Pacific Cultures Being Stolen By Foreign Interests, Languages Threatened: Academic

Research Conference hears assessment of Associate Dean of Research at USP

By Katalina Tovia and Julie Simati Fiu

APIA, Samoa (Samoa Observer, Sept. 21, 2016) – Pacific languages are threatened and cultures are being raided and even stolen by foreign interests.

That’s what Dr. Cresantia Frances Koya Vaka’uta, Associate Dean Research and Internationalization from the University of the South Pacific Suva Fiji, told the Pacific Islands University Research Network (P.I.U.R.N) conference at the National University of Samoa (N.U.S) yesterday.

“At least 50% of the world’s languages are at risk and about 90% of the languages may be replaced by dominant languages by the end of the 21st Century,” she said. 

 “Internal forces including a community’s negative attitude towards its own language.”

“The state of pacific languages in New Zealand matters because of the large numbers of Pacific people residing there.”

“The 2006 NZ census showed an estimated 91% of all Niueans live in NZ, as do, 73% of all Cook Islanders, 44% of Tongans and 74% of Samoans,” Dr. Vaka’uta said.

Ten years ago many Islanders could not speak their languages according to Dr. Vaka’uta.

Her findings led to the call for Pacific Languages Week, now an established annual event, and the Pacific Languages Commission in NZ. “In 2006 alone, the NZ government devoted about NZ$600,000 [US$437,958] to the preservation of Pacific Island Languages,” Dr. Vaka’uta said.

Despite these efforts, she said that the 2013 Census data on Pasifika communities showed all Pacific languages spoken by NZ born populations continued to decline.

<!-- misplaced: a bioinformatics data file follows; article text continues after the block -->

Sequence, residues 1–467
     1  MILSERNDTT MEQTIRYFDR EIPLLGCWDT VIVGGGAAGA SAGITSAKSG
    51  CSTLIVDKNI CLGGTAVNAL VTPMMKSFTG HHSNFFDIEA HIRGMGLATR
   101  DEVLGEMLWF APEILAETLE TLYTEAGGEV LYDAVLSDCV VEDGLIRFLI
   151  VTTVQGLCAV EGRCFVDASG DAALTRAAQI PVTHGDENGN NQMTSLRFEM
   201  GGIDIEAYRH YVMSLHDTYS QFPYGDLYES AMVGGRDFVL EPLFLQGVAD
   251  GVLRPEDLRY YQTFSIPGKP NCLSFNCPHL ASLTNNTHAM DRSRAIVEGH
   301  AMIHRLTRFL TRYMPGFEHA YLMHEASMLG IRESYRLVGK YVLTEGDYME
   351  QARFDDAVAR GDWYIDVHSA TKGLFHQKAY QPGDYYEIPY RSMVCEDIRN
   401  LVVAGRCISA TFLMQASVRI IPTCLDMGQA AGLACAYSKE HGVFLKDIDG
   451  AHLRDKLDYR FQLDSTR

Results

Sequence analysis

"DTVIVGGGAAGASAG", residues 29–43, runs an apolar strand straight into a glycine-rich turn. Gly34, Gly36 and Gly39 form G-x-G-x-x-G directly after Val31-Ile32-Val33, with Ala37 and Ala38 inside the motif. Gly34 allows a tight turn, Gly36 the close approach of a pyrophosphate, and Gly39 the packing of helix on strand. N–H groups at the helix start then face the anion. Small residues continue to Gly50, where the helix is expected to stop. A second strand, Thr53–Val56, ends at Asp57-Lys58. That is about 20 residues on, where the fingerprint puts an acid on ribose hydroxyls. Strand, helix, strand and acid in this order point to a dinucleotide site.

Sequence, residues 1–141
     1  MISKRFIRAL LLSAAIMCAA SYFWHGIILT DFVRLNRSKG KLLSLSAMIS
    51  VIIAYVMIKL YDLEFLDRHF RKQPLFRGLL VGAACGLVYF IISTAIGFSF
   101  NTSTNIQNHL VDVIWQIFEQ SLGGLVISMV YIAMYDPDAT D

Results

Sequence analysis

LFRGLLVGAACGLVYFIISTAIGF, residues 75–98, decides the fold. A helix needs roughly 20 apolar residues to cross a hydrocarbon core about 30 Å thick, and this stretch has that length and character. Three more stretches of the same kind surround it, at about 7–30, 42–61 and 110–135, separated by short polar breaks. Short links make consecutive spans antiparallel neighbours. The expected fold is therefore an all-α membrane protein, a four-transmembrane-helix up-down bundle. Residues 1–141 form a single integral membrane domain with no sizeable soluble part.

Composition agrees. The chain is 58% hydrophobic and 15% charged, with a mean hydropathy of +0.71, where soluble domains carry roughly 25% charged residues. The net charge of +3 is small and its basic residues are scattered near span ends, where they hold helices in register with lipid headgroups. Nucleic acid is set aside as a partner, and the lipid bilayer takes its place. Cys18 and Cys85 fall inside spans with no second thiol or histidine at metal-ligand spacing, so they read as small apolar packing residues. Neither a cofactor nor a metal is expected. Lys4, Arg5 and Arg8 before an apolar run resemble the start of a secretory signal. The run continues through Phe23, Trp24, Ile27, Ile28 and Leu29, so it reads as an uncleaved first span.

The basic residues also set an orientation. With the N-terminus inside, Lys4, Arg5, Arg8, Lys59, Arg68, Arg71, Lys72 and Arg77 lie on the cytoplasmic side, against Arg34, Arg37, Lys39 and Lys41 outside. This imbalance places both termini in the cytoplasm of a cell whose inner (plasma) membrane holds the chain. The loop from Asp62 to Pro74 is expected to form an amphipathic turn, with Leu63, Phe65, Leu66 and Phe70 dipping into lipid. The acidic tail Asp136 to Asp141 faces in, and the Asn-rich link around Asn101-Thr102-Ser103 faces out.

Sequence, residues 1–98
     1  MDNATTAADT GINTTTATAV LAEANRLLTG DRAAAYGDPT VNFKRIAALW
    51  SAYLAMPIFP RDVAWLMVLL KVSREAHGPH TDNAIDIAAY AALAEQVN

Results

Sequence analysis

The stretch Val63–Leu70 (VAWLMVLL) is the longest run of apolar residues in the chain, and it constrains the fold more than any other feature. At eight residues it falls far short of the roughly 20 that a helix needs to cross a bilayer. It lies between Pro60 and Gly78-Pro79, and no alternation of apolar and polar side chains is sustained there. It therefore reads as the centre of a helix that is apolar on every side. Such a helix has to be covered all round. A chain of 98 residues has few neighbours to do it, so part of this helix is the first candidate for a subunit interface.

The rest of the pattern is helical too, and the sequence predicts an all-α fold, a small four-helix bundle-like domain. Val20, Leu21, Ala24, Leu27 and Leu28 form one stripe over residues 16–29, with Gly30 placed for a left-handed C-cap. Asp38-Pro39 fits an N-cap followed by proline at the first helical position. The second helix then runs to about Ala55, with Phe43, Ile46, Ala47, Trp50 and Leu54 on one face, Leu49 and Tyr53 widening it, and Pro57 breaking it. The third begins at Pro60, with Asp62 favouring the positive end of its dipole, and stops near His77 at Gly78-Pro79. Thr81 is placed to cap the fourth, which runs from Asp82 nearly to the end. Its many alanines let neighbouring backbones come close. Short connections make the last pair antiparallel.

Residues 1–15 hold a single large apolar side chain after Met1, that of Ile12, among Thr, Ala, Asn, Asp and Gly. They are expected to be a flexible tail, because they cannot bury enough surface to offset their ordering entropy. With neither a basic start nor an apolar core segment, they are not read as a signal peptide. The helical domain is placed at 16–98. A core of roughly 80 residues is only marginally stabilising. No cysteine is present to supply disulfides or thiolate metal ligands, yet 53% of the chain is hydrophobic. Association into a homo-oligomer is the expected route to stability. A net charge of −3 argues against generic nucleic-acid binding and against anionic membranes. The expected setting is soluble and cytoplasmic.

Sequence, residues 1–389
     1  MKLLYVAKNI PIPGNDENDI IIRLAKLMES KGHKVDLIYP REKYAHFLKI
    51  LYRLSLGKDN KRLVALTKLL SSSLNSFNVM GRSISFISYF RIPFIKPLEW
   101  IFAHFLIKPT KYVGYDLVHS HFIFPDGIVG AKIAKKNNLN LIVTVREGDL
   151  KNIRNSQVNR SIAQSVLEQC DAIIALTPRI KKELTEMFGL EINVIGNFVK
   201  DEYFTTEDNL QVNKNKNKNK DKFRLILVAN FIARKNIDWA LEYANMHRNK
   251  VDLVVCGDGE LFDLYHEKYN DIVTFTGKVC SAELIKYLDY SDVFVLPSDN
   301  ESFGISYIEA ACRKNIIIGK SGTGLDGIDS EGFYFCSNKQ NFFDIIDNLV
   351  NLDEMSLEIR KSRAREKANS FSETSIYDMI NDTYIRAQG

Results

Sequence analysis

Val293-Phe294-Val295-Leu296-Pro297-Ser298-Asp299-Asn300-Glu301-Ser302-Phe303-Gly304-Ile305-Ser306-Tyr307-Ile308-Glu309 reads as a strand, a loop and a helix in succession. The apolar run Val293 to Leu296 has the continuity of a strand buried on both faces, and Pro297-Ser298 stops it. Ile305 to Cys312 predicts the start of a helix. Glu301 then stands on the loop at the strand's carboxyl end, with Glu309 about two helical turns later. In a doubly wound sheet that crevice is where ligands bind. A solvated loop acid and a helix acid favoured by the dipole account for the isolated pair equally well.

Dr. Vaka’uta explained that Pacific Universities should priortise cultural heritage and sustainability through knowledge and research on contextualized learning experiences in particular Pacific pedagogies. “Encourage focused research and research funding for culture, the arts and languages,” she said.

“Contributing to policy and legislature particularly in the areas of national language, Cultural and Educational policies.”

“Knowledge creation and sharing to often academic research only resides in technical reports, academic papers in international journals and publications, or in University library collections.” 

 “A lot of that has been done is not widely accessible or presented in easy to consume, non academic or technical language. We could also engage more purpose fully with cultural communities and art practitioners.”

“Supporting the development and use of Pacific research methodologies.”

“Some students ask if they could present their thesis in language at USP we continue this discussion and would support this where possible,”  Dr. Vaka’uta added.

Publication in language/billingual texts is another area that universities could support.

“Courses and Programs on specific areas such as Basic linguistic and pedagogical training.”

 “A language revitalization is currently underway in the Cook islands between USP and government, but this has problems,” Dr. Vaka’uta said. 

One issue raised was that while NZ efforts are commendable, they focus on conversational Cook Island Maori while the national interest is in safeguarding the depth and proficiency of the full language,” said Dr. Vaka’uta. Other areas that could be supported through integration of courses and programs included Pacific Literatures, Pacific Art and Culture, Heritage Management, Cultural Statistics, and Heritage & Contemporary Arts.

But Pacific images, motifs, and culture were being appropriated and copyrighted by overseas interests, and even clever Islands companies, depriving local artists of not only incomes but aspects of their culture as well, she said.

A controversy over the re-branding of Air Fiji, using local Masi artistic designs initially sought through a competition, could prevent those artists even using their own designs.

 “Investment is key and there will need to be national support to ensure continued viability of Islands linguistic and artistic offerings,” Dr. Vaka’uta said.

“The Pacific Future we seek is one in which we will grow a movement of Pacific Island thinkers, researchers, leaders – who are agents of change and who will continue to hold the land and our people, firmly and safely in their care,” she concluded.

Both Katalina and Julie are media and journalism students at N.U.S.

Samoa Observer
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